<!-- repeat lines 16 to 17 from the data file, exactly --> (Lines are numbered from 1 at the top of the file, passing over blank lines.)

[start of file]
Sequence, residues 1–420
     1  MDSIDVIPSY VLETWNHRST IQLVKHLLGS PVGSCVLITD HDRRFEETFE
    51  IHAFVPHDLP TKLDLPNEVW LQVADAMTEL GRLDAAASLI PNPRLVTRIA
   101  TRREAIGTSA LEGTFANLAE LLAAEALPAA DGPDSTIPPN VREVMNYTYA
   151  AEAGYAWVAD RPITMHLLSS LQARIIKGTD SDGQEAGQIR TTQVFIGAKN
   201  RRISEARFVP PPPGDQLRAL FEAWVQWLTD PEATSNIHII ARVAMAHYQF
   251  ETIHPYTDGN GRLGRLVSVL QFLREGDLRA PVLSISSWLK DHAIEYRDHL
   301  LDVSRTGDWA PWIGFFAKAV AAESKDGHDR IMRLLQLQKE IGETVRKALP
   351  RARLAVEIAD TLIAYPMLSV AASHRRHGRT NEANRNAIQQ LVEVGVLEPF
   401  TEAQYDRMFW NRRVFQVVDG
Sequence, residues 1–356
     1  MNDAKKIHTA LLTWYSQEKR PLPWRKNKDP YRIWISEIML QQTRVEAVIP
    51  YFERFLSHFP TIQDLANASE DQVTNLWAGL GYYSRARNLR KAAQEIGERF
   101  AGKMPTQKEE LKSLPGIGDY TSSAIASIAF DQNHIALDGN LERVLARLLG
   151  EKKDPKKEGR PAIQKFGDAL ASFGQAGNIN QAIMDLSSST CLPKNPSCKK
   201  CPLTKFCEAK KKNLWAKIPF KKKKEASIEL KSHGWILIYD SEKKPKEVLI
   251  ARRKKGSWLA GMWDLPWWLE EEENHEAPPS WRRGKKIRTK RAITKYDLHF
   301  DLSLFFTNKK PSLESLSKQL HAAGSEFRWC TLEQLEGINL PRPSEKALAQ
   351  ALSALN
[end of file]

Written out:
   201  CPLTKFCEAK KKNLWAKIPF KKKKEASIEL KSHGWILIYD SEKKPKEVLI
   251  ARRKKGSWLA GMWDLPWWLE EEENHEAPPS WRRGKKIRTK RAITKYDLHF